When “the Best” isn’t the Best for You – Chasing Specs
Many times when people ask for AV advice online, they phrase the question in an either/or form. I want to buy a new X. Should I get Y or Z? Which is better? Well, there is an answer our there that is technically correct and then there is the true answer. Many times we can say, with some authority, that one product is technically better than another on specific criteria. Too often, people make the leap that if something is better on one or more specifications, then it is, in fact, better. This is often not the case. When people start looking at the numbers, it is easy to get bogged down in the minutia. That’s why I’ll often find myself recommending to people that they stop chasing specs. But what do I mean by that?
Say you are shopping for a car. If you start comparing specs, you’ll quickly find that one vehicle might have better numbers than another. For example, if you are worried about cargo space, you might want a car with a lot of internal room. But that doesn’t mean you go out and buy a tractor-trailer. I mean, objectively it has more cargo space than any SUV. But it isn’t what you want or need.
Same with homes. You may want that master bath with all the amenities. But if the home only has that one bathroom, or doesn’t have a roof, or any number of things, you aren’t going to buy it. Not because it isn’t objectively the best bathroom in your price range. It is because a house, or a car, or a set of speakers needs to be judged on more than one criteria.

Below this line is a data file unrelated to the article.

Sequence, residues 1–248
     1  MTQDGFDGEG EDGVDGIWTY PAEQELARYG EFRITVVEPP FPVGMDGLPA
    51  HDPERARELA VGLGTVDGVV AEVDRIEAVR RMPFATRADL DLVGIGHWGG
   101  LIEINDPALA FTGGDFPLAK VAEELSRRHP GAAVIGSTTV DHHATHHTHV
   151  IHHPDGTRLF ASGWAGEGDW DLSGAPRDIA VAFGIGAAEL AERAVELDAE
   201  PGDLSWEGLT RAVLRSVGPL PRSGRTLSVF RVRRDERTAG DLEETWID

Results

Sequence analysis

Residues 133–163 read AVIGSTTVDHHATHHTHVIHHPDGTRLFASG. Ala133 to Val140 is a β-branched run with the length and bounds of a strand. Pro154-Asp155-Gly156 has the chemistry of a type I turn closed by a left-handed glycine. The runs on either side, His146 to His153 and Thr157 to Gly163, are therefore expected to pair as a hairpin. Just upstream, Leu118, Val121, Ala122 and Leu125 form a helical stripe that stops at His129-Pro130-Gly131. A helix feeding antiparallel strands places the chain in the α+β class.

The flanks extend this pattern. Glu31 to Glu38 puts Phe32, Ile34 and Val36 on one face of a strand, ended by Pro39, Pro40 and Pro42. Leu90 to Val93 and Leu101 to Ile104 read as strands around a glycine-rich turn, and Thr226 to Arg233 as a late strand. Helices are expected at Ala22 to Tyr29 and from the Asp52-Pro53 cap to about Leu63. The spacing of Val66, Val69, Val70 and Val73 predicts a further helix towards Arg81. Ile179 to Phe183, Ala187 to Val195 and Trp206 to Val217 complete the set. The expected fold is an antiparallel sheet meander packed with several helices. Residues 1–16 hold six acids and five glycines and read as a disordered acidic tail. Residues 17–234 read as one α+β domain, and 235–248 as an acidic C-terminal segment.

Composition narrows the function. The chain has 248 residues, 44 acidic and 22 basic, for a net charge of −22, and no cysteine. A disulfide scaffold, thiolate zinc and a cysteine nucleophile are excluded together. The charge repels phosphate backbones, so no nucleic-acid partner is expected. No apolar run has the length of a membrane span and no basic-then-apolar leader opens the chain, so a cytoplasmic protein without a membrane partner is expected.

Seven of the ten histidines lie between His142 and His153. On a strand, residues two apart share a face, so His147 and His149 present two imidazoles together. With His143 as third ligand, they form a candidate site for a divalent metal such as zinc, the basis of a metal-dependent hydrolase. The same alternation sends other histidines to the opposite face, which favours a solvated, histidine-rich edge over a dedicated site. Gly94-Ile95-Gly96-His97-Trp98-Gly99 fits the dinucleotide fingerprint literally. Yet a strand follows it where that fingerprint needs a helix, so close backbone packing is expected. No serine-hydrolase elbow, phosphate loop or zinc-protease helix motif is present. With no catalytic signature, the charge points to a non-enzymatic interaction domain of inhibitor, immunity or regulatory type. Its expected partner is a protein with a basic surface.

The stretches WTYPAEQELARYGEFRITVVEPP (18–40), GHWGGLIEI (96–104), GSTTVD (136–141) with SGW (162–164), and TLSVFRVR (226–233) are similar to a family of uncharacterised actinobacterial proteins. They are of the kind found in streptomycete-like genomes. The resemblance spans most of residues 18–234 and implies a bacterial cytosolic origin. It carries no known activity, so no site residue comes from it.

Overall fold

Losing the Forest for the Trees
When shopping for AV products, it is easy to focus on one spec and look for the best performer. The problem is, nearly all AV products are more than just their specs. For instance, let’s take one of the simplest AV components – the humble speaker wire. Speaker wire does very little in your home theater system. All it does is allow electricity to flow from the amplifier to the speaker. That’s it. But if you were to focus on chasing that one spec, you’d find yourself quickly in trouble.
Say the spec you were most interested in was resistance. Resistance limits the flow of electricity so it must be bad, right? So you should buy a cable with the lowest resistance. The easiest way to lower resistance is to use a thicker cable. The thicker the cross-section of the copper, the less resistance.